Lactose Intolerance During Pregnancy

by Garreth Myers


Lactose intolerance refers to the body’s inability to process lactase – a compound found in milk and milk products. Lactase is the main sugar found in milk and dairy products and when undigested can result in symptoms such as gas, bloating, stomach cramps and diarrhea. Lactose intolerance is most common among children some of whom carry this condition into adulthood. Women who are mildly intolerant may suddenly experience an increased sensitivity to lactose during pregnancy. In some cases, women who never knew they were lactose intolerant before pregnancy may begin to suffer from the unpleasant symptoms caused by the condition. There are also cases where women who were lactose intolerant before pregnancy find themselves able to digest milk and milk products during pregnancy.

One explanation for why pregnant women develop lactose intolerance during pregnancy is that the increased intake of calcium-rich dairy products necessary during pregnancy may aggravate mild cases of lactose intolerance.

Another possible reasons for developing unpleasant digestive symptoms during pregnancy can be traced back to the increase in hormone levels. As hormone levels fluctuate, the digestive system tends to slow down to maximize the amount of nutrition derived from the food you eat. Unfortunately, this slowing down of the digestive process can cause discomfort and symptoms such as cramps, constipation and bloating. Many women confuse these symptoms for lactose intolerance and start cutting out milk and milk products in their diet. The risk here lies in not meeting the calcium intake required to maintain a healthy pregnancy and support the developing fetus.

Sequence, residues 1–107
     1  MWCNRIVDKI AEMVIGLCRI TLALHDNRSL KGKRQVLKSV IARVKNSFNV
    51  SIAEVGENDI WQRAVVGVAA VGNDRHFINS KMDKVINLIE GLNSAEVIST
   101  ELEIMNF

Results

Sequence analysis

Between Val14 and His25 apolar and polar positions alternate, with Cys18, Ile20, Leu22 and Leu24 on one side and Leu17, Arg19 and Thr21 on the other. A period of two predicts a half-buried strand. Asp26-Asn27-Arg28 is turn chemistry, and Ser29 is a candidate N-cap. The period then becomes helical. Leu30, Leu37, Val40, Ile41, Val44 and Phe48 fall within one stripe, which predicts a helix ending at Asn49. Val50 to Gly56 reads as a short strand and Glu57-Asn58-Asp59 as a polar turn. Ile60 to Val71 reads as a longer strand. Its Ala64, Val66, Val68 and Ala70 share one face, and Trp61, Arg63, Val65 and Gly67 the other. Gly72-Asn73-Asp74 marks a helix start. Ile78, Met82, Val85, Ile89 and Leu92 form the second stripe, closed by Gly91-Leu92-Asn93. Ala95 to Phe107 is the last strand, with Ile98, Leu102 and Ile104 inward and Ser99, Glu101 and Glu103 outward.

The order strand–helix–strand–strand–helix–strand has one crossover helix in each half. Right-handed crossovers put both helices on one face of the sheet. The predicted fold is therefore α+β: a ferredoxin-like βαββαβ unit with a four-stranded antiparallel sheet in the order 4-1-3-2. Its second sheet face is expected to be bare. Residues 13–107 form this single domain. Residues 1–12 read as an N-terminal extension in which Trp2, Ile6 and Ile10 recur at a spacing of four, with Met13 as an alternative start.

If you do suffer from lactose intolerance you will notice that the symptoms occur a few minutes to a few hours after consuming any milk or products that contain lactose. If you find yourself reacting adversely every time you eat a particular food item, you may be suffering from lactose intolerance. Consult with your doctor or an allergist to determine the exact cause of the symptoms before deciding on the proper course of treatment.

Once diagnosed as lactose intolerant, you will need to avoid all milk and milk-based products immediately. Along with the usual suspects of milk, cheese, cream, buttermilk and baked foods, milk and milk products can be found in a number of other food items ranging from breads, cereals, processed foods, canned foods, packaged meats, artificial sweeteners, whey protein supplements, chocolates, ice creams, cookies, and cakes. Being lactose intolerant means being ultra careful about what you eat and checking food labels carefully. If ingredients such as whey, milk, lactose, dry milk solids, butter fat, or margarine are listed, the product contains lactose and is better avoided.

Since milk and dairy products are a pregnant woman’s best sources of calcium, other alternatives will have to be included into the diet plan. The best non-dairy sources of calcium are dark leafy greens such as spinach and kale, soy milk and soy products, broccoli, tofu, oranges, nuts and seeds, and unprocessed whole grains. Milk and dairy products also supply the body with vitamin D that is important for development and the proper absorption of calcium in the body. To meet the recommended dosage of vitamin D include eggs and fish into your daily menu. Apart from these options, lactose-free milk or lactase-fortified products are also safe for consumption. Alternatively, speak to your doctor about taking a calcium supplement for the duration of your pregnancy. Taking lactase tablets may also help you tolerate dairy products without producing any discomfort or nasty symptoms.

References:

  1. http://medicalcenter.osu.edu/patientcare/healthcare_services/digestive_disorders/lactose_intolerance/Pages/index.aspx

Warning: The reader of this article should exercise all precautionary measures while following instructions on the home remedies from this article. Avoid using any of these products if you are allergic to it. The responsibility lies with the reader and not with the site or the writer.
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